“The whole pre-order game has become a joke. pre-orders are purely a function of hype, marketing, and incentives. Retailers get incentives for signing people up. You know what, pre-orders the level of Black Ops means something… Homefront set pre-order records, remember that? These games get hyped, but you’re not comparing apples to apples at this point.”  Pachter explained in BR.

Let us know what you think about pre-orders and their growing place in the game buying process in the comments section below.

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  • @magnetoelectric

    You state that pre order sales inflate the “perceived” popularity of a game. You’re going to have to quantify that statement.
    Pre order sales are in fact a valid means to measure a games popularity. We just went through this exercise once more recently with both Brink, an example of low side preorder sales , and Catherine , an example of high volume pre order sales. Brink had a ton of pre order bonuses from several retailers , and it didnt contribute to the games sales at all, Where as a game like Catherine had none (other than the Deluxe edition which probably should be categorized the same as)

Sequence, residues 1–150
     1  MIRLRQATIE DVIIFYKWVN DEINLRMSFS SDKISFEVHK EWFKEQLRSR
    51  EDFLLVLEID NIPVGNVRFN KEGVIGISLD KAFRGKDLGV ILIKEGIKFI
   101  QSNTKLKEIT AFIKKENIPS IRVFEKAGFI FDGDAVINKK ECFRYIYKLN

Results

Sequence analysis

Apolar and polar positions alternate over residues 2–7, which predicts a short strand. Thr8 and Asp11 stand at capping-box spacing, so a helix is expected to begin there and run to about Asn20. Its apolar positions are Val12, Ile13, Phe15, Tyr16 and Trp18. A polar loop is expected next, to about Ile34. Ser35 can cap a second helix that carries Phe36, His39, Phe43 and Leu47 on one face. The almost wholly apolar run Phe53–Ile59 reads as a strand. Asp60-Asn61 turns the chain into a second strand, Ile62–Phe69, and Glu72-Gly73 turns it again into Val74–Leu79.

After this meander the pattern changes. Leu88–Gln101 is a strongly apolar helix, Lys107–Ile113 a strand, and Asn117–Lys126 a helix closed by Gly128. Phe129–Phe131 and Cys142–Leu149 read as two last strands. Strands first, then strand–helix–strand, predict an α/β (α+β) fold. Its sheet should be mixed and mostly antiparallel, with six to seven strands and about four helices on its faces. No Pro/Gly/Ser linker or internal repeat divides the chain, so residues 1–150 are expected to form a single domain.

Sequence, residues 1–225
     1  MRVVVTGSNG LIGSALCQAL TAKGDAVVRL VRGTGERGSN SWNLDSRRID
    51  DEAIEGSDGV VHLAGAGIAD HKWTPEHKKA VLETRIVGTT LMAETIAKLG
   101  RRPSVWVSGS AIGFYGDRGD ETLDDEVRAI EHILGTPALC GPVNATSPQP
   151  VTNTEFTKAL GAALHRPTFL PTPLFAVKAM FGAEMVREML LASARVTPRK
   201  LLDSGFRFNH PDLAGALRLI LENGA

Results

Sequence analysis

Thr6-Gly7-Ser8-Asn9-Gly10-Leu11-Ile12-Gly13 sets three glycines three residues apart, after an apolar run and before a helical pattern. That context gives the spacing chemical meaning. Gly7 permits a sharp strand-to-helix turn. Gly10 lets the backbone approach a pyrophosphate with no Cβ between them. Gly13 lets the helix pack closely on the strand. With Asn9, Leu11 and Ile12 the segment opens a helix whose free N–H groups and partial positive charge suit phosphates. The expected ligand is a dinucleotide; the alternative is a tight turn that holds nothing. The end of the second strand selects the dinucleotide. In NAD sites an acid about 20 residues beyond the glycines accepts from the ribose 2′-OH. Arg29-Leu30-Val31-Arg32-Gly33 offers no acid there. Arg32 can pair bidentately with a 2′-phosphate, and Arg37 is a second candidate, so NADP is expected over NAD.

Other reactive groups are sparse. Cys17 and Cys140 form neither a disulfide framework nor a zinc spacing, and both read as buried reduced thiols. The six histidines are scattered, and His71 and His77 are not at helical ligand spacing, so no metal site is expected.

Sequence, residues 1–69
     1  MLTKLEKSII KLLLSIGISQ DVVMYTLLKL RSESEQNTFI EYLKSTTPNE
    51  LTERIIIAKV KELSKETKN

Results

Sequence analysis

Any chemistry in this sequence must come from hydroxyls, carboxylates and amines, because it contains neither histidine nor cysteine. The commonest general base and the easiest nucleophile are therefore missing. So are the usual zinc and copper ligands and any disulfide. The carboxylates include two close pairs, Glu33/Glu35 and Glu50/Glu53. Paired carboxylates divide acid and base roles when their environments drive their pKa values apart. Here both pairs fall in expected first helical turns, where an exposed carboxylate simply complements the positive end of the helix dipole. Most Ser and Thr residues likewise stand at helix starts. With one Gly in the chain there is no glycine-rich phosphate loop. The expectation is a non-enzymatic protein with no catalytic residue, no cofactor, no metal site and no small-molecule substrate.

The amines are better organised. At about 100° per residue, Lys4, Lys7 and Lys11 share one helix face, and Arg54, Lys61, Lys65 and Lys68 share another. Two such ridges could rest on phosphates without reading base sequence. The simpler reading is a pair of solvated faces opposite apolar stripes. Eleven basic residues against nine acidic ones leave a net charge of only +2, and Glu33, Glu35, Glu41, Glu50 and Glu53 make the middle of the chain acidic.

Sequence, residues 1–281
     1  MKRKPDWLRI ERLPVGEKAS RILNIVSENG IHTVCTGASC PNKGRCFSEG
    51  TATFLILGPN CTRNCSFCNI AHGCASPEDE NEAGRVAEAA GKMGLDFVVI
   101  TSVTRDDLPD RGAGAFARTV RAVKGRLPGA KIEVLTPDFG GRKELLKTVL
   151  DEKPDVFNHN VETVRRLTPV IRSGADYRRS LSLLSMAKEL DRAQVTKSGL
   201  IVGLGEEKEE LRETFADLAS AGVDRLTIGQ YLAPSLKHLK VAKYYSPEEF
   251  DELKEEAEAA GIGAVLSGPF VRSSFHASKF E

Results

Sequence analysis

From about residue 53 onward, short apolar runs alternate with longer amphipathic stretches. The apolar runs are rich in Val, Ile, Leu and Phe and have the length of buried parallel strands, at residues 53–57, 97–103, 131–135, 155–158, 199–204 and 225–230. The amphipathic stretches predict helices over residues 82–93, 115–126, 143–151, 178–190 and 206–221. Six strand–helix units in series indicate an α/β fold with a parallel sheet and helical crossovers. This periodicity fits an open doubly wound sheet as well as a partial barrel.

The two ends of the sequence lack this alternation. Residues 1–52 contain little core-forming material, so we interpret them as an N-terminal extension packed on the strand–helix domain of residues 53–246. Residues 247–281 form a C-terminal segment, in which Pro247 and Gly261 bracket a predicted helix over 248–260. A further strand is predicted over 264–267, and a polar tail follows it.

I do remember HOMEFRONT set a pre order record for THQ , So seeing those record sales , EA put Crysis 2 pre orders on sale.
    Enough with the gamers get the short end of the stick argument

    • Kid

      This sounds like it was written by someone that makes money from this. Im just saying.

    • Frank

      Pre-orders DON’T mean anything. I’ve put $5 on SOO many games and never pick ’em up, unless i really wanted it. The only games i think i’ve picked up after reserving are Smackdown vs Raw 2007 on 360, and Heavy Rain on Ps3.